The Impact of the Affordable Care Act Medicaid Expansion on Insurance Status and Type of Coverage for Non-Disabled Childless Adults in Poverty
We find that expanding Medicaid to non-disabled childless adults in poverty reduced uninsurance among this group by 14.9 percentage points (35.5% of the 2013 uninsurance rate) in states where they were previously ineligible compared to observably similar adults in non-expansion states. This decrease in uninsurance was driven primarily by a 15.4 percentage point increase in Medicaid coverage. Our estimates of the marginal take-up rate are substantially higher than is typical in the literature, suggesting that administrative changes in enrollment, response to the individual mandate, and public awareness of the ACA may have led to higher take-up than usual. The 2014 Medicaid expansion had no impact on private insurance coverage in our population of interest, suggesting that "crowd-out" of private coverage was limited in 2014. These findings are robust to controls for differential pre-ACA trends in coverage in expansion and non-expansion states.
In subgroup analyses, we find that men in the target population were eight percentage points less likely than women to gain insurance coverage, and that this gender difference was driven entirely by differences in Medicaid take-up. We also found dramatically higher Medicaid take-up among adults over age 35 (by 10-20 percentage points) relative to younger adults, and among those in fair or poor health (by 19 percentage points) relative to healthier adults.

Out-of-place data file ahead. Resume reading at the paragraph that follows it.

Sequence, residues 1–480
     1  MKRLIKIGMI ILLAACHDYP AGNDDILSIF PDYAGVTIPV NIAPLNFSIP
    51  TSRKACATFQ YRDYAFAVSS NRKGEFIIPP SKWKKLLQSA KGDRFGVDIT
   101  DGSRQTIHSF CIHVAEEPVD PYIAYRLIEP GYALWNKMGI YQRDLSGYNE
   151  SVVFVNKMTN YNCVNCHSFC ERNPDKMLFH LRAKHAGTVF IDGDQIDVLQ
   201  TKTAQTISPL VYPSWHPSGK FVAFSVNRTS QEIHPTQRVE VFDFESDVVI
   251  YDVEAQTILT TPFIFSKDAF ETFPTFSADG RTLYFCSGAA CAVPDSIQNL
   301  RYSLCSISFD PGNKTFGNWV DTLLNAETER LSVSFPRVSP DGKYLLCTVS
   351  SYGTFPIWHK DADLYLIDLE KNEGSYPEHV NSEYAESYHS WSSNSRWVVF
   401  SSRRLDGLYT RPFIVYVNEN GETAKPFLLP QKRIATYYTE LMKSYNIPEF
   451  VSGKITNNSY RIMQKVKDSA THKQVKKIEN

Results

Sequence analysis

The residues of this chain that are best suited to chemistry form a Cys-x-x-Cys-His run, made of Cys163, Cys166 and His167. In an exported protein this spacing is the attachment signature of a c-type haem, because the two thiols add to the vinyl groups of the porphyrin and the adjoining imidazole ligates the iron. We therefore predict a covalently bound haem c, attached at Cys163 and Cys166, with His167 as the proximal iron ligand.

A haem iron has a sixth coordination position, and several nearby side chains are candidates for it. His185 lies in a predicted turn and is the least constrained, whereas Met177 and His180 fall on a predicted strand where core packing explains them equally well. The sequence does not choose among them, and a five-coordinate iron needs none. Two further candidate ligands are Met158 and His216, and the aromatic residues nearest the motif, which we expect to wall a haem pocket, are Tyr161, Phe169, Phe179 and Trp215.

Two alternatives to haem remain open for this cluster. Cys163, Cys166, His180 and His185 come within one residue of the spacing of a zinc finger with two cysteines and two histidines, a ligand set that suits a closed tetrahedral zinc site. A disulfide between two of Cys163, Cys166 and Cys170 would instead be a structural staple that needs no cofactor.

These findings suggest that the ACA’s Medicaid expansion successfully increased the number of insured individuals, and that those with the greatest health need (e.g. older adults, those in fair or poor health) were most likely to take-up coverage in response to the expansion. Further, we find no evidence of crowd-out of employer coverage among this population, implying that—at least in 2014—expanding Medicaid to low-income childless adults effectively targeted previously uninsured individuals.